Harriet Tubman Will Replace Andrew Jackson On The $20 Bill, & It's About Time
Great news for fans of awesome women, and for those who hate awful, racist presidents. In response to complaints about how sharing the $10 bill with Alexander Hamilton was not good enough — and the fact that Andrew Jackson doesn't deserve to be on U.S. currency at all — Jack Lew, the Secretary of the Treasury, is set to announce that Harriet Tubman will replace Jackson on the $20 bill, according to Politico. But, it's important to note that Jackson will still appear on the reverse of the bill with the White House, according to a statement from the Treasury. So, this is a step toward progress, but a small one.
It was announced last summer that the Treasury was considering replacing Hamilton with a woman, and criticism soon followed, as Hamilton helped create the Treasury (and also inspired a Broadway hit). The Treasury then toyed with the idea of letting a woman share the $10 with Hamilton, which is... not great. Critics have long advocated for replacing Jackson, as the slave-owning seventh president's claim to fame is the Indian Removal Act, a plan to "relocate" Native Americans that led to the infamous "Trail of Tears," which led to the deaths of 4,000 Cherokees. Getting rid of that monster, finally honoring a woman, and that woman is Harriet freaking Tubman? That's a win-win-win, friends. And people are very, very happy about the news.
Born into slavery around 1820 (the exact year in unknown), Tubman escaped her Maryland captors in 1849 and fled to Pennsylvania, but returned to the South over and over to assist other slaves in escaping via the Underground Railroad. All told, Tubman freed more than 60 slaves during her tenure.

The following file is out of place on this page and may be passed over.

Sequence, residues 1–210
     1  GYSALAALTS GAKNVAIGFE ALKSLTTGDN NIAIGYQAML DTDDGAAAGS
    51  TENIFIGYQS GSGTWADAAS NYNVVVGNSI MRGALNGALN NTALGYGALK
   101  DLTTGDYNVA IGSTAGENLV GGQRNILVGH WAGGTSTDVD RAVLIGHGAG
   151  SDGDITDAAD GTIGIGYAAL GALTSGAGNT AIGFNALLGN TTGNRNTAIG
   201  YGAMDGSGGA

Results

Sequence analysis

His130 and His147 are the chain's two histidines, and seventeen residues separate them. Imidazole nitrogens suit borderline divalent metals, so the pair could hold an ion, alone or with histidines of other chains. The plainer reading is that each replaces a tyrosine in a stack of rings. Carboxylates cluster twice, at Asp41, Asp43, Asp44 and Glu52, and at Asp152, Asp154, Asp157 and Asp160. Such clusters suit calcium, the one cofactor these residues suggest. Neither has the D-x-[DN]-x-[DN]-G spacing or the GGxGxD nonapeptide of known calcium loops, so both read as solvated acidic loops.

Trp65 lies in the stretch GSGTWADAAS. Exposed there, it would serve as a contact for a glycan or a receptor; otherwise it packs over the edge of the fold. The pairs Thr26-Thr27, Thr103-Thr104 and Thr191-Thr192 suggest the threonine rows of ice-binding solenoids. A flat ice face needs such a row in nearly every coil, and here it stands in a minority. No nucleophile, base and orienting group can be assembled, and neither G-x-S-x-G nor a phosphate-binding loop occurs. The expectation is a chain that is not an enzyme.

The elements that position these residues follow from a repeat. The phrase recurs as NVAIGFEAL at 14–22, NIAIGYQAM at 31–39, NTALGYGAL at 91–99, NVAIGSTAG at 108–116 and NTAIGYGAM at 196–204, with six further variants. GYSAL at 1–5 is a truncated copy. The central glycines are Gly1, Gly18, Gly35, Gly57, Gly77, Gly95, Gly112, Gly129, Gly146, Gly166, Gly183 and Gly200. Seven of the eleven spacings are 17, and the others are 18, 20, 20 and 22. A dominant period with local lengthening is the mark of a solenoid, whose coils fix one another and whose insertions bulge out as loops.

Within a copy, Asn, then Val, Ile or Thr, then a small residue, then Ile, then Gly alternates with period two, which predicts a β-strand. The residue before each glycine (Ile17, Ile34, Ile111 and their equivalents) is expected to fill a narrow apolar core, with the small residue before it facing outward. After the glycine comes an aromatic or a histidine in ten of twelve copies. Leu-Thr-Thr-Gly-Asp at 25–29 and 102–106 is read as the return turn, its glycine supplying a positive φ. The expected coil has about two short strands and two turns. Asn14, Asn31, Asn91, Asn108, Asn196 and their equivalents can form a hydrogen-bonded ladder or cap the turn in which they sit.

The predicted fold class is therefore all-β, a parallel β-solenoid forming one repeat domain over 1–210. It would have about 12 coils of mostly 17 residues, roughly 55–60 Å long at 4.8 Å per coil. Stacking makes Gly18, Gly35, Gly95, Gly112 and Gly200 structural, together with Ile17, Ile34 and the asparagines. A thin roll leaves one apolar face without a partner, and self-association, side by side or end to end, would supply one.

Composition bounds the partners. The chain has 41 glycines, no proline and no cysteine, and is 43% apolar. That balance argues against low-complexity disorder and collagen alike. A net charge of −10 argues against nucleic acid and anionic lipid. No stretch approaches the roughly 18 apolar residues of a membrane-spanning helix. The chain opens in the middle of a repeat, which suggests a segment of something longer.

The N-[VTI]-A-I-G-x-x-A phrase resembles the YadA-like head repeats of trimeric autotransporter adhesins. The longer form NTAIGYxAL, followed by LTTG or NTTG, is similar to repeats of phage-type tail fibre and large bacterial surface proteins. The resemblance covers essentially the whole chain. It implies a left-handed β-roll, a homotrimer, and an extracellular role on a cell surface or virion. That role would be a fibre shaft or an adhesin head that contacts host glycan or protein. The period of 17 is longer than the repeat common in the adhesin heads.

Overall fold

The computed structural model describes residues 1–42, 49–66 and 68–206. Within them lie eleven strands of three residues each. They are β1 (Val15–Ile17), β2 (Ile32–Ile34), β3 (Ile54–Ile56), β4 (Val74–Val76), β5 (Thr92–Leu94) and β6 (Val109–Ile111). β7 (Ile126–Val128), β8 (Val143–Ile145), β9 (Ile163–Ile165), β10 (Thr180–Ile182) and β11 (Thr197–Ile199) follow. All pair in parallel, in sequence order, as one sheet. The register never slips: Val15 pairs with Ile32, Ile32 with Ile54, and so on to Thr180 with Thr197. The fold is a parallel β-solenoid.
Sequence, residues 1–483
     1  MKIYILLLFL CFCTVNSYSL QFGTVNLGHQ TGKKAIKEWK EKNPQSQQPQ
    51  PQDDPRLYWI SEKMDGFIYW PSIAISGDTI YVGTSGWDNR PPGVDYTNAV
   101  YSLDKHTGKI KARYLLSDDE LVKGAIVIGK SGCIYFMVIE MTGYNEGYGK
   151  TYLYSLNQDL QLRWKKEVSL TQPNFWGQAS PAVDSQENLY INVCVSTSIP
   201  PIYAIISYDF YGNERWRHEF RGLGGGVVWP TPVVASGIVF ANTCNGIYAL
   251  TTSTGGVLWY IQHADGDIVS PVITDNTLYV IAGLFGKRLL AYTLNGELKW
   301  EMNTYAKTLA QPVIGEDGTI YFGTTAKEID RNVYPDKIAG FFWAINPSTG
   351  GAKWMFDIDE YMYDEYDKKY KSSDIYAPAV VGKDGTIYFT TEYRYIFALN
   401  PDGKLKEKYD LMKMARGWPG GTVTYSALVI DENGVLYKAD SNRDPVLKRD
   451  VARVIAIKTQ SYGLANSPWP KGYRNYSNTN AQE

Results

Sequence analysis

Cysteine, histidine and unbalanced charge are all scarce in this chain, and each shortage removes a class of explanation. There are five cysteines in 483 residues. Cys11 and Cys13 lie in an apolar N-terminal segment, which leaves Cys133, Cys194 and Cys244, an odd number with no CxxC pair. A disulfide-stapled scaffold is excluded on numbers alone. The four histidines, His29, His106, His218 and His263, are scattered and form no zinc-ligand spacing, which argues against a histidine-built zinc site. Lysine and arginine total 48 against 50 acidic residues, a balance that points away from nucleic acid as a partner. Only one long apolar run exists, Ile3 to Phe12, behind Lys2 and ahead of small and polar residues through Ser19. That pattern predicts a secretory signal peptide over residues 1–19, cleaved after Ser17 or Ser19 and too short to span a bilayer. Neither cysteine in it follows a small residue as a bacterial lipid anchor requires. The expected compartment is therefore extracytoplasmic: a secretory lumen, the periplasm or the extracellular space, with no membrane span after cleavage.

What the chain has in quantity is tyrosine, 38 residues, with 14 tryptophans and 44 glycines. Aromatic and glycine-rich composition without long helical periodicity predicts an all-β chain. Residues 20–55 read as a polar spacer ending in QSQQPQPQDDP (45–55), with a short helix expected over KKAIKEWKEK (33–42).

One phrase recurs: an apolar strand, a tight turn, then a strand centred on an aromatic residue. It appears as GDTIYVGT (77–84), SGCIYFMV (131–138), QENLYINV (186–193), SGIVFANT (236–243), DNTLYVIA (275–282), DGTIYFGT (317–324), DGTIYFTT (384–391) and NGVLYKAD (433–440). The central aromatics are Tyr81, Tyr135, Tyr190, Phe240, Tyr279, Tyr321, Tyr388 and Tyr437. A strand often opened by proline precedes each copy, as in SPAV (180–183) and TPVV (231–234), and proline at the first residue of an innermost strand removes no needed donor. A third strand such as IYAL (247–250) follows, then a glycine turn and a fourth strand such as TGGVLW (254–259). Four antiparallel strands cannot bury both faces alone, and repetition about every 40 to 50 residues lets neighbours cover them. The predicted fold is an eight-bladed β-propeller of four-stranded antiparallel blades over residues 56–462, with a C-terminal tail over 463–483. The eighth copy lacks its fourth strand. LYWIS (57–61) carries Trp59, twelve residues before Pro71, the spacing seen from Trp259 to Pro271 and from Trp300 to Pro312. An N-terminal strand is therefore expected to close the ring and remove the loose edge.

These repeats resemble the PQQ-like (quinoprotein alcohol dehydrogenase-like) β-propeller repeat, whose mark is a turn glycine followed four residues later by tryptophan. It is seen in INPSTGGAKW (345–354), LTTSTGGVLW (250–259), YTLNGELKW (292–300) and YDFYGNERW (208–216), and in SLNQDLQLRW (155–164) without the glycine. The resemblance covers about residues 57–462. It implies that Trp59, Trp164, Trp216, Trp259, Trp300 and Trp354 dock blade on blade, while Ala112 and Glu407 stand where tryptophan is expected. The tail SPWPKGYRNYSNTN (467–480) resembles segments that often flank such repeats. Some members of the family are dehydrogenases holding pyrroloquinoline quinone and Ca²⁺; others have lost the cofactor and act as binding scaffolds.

During the Civil War, Tubman served in the Union Army as a cook, a nurse, and a spy. In 1863, she led the Combahee River Raid. The first woman to lead an armed expedition in the war, her raid led to the liberation of 750 slaves from South Carolina. Even more symbolically interesting and disturbing: NPR reported that $20 was the amount Tubman "eventually received from the U.S. government as her monthly pension for her service" in the war.
Ironically, the woman who's about to grace our currency was never financially secure, despite her fame, and there's actually a great story about her and the bill that's taken her almost 200 years to earn:
In addition to Tubman replacing Jackson on the $20, there are more changes in store: the back of Hamilton's $10 will feature leaders of the women’s suffrage movement, and the $5 bill will have "civil rights era leaders and other important moments in American history," according to Politico. The new bills are expected to premiere beginning in 2020, and it's such great news, I'm considering actually using cash for the first time in 10 years. Let's just hope the Treasury will actually remove Jackson from the bill entirely.